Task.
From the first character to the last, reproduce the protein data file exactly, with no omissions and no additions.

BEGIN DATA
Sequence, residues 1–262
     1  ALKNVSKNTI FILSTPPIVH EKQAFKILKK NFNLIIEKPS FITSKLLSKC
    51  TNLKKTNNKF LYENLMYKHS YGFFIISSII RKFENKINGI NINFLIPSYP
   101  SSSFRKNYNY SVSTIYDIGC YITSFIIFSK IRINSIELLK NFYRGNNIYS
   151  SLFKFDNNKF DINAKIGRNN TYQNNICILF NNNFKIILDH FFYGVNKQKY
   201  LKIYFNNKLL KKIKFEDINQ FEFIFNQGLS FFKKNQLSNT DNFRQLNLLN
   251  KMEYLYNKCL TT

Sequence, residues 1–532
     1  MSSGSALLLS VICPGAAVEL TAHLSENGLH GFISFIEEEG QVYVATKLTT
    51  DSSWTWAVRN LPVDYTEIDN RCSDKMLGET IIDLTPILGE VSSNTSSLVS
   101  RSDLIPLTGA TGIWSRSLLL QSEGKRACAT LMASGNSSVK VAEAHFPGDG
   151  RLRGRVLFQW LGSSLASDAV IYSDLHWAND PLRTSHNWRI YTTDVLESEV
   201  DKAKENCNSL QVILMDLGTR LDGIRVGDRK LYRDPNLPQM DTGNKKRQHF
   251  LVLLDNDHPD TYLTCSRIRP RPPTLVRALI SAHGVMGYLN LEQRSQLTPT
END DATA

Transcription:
Sequence, residues 1–262
     1  ALKNVSKNTI FILSTPPIVH EKQAFKILKK NFNLIIEKPS FITSKLLSKC
    51  TNLKKTNNKF LYENLMYKHS YGFFIISSII RKFENKINGI NINFLIPSYP
   101  SSSFRKNYNY SVSTIYDIGC YITSFIIFSK IRINSIELLK NFYRGNNIYS
   151  SLFKFDNNKF DINAKIGRNN TYQNNICILF NNNFKIILDH FFYGVNKQKY
   201  LKIYFNNKLL KKIKFEDINQ FEFIFNQGLS FFKKNQLSNT DNFRQLNLLN
   251  KMEYLYNKCL TT

Sequence, residues 1–532
     1  MSSGSALLLS VICPGAAVEL TAHLSENGLH GFISFIEEEG QVYVATKLTT
    51  DSSWTWAVRN LPVDYTEIDN RCSDKMLGET IIDLTPILGE VSSNTSSLVS
   101  RSDLIPLTGA TGIWSRSLLL QSEGKRACAT LMASGNSSVK VAEAHFPGDG
   151  RLRGRVLFQW LGSSLASDAV IYSDLHWAND PLRTSHNWRI YTTDVLESEV
   201  DKAKENCNSL QVILMDLGTR LDGIRVGDRK LYRDPNLPQM DTGNKKRQHF
   251  LVLLDNDHPD TYLTCSRIRP RPPTLVRALI SAHGVMGYLN LEQRSQLTPT